Highfields Automotive and Engineering Training CentreEdit profile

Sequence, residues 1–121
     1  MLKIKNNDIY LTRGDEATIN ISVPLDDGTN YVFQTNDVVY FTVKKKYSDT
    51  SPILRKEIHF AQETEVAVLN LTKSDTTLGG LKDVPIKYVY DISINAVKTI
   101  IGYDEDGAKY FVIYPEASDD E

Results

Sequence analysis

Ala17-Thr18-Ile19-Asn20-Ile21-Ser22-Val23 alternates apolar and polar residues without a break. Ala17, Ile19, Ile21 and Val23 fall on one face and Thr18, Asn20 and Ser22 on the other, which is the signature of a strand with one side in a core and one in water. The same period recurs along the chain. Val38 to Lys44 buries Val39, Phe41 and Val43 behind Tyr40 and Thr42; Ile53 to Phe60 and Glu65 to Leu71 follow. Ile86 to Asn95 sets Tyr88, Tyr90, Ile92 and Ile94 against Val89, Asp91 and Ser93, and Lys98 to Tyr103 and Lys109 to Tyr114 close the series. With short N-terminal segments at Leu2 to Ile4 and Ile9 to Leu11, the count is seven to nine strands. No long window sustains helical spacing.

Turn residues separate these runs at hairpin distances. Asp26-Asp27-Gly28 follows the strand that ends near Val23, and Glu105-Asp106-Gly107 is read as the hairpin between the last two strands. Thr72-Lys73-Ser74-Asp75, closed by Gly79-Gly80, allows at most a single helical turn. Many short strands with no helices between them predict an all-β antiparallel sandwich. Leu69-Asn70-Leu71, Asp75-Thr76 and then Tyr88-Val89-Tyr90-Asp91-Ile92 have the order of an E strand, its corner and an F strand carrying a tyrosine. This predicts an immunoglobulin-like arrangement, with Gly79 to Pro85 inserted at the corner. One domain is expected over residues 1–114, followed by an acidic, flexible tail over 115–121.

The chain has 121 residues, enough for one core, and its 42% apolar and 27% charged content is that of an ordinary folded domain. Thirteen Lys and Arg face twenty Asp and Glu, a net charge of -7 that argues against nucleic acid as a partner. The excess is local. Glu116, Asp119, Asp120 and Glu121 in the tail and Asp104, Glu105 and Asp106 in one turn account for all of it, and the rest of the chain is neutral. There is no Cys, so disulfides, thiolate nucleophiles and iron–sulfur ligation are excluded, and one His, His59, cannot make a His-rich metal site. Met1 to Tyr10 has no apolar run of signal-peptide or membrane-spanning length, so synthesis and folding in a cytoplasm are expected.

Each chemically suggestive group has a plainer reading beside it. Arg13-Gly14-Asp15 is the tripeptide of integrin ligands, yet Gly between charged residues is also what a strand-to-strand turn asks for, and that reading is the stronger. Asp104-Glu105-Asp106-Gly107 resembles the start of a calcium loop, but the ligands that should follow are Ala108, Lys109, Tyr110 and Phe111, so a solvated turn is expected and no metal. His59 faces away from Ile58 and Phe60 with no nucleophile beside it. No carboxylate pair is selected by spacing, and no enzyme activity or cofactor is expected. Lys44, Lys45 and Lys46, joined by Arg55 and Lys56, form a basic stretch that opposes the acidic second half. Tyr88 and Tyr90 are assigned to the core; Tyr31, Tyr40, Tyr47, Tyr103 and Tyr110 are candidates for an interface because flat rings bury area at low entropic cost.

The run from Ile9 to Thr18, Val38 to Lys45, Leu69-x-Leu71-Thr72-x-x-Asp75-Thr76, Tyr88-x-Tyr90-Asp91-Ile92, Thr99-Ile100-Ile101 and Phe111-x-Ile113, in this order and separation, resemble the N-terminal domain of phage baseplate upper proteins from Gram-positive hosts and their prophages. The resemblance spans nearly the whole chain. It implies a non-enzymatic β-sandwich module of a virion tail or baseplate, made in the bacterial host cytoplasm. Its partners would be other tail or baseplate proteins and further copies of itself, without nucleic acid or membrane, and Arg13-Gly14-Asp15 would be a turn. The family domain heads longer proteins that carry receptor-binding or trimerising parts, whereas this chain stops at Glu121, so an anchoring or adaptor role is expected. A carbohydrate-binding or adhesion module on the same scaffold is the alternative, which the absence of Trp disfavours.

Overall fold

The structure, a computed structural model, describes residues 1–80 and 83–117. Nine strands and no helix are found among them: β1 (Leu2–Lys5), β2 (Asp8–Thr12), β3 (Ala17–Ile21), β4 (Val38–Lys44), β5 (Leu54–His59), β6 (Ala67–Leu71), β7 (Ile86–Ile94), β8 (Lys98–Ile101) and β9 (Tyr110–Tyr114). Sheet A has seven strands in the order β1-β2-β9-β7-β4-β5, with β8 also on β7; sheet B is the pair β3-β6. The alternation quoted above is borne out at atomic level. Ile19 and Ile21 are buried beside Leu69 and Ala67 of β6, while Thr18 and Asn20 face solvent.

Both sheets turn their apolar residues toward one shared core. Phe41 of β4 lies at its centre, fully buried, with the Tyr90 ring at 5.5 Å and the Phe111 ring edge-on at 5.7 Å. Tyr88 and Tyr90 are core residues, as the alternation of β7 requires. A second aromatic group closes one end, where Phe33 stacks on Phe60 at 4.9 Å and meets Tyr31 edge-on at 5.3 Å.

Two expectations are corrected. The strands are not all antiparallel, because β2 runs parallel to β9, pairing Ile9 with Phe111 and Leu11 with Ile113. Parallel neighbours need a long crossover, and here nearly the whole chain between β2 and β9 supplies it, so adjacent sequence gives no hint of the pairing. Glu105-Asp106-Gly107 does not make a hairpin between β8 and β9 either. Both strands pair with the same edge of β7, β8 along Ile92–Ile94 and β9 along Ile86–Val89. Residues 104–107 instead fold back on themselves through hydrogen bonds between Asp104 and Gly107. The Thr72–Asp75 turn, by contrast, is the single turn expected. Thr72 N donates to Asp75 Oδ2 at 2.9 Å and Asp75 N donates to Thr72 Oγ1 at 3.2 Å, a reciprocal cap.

The Highfields Automotive and Engineering Training Centre, Castle College provides high-level training in automotive design, maintenance and repair across a range of age groups. The college works in partnership with Toyota, sharing facilities, teaching and training people already working in the automotive industry alongside students and school children, directly linking city’s universities and further education colleges with industry. The wider development site has been bought by Blueprint, a Property Regeneration Partnership set up to deliver new solutions for physical regeneration in the East Midlands. The Partnership comprises East Midlands Development Agency English Partnerships and Morley Fund Management’s Igloo Regeneration Fund. The designers’ brief was to bring a fresh perspective to the traditional business park model which has become very staid. The Masterplan is generated from these main elements: - A pond or water meadow creating a sustainable urban drainage system. - A series of banks that define a natural edge and platform from which to engage with the pond. - A lilypad trail - a playful path that delicately crosses the pond from University Park and a future NET tram stop, towards the existing nature reserve at Dunkirk Pond and Beeston Sidings. - A sequence of buildings that hover delicately above the man made landscape, embracing and sheltering a series of gardens. - A central pedestrian spine – the lilypad boardwalk – off which are arranged the science buildings. The site approach explored themes of the relationship between science and nature. The sustainable urban drainage system allows the local ecosystem to thrive while the remaining site – heavily contaminated by previous uses – recovers. The building’s brown roofs further encourage local species to re-colonise the site. The building itself has been designed to allow future installation of a biomass boiler providing sustainable energy. The scheme successfully connects into and strengthens the local ecosystem and public transport links and in doing so it brings a previously redundant brownfield site back into commission. The form of the new Castle College building derives from the cranked linear footprints of the other buildings on the masterplan - like a new species from the same family. The two wings occupied by Castle College and Toyota are linked by a shared hub and the extended office/ workshop/laboratory wings reach out across the landscape sheltering and screening cars and storage spaces below. The hub contains all the communal spaces shared between the College and Toyota Academy. It will act as the ‘public face ‘of the building welcoming trainees and hosting conferences, marketing and cultural events. Three storeys high, the hub is a landmark on the lilypad walk through the centre of the site attracting people towards it. Clad predominantly in glazed curtain walling, it is shaded by 160 capsule-shaped perforated panels held away from the glass on horizontal cables, which in turn are supported by a tapering steel exoskeleton, forming a facetted cone around the building. On the roof, machinery is screened by a metal mesh redolent of the woven laths of classic car grilles. The large volumes of the workshops are clad in finely ribbed silver composite panels and are supported by rows of smooth, circular concrete columns. The smaller training blocks are clad in a riot of mixed greens, nestling around and softening the bulk of the workshops, in places floating over a plinth of gabion walling. Horizontal capsule-shaped windows take a dance along the faces of the training rooms and within the courtyard are deployed at alternating angles to enliven the sheer faces of the workshop walls. Blueprint ran an invited competition for the site masterplan and first buildings on site in November 2005. Construction work began in January 2007 and the centre was completed in January 2008 for the first intake of students in April. The final construction cost was £9.2 million for a 6600sqm building giving a floor area cost of £1390/sqm.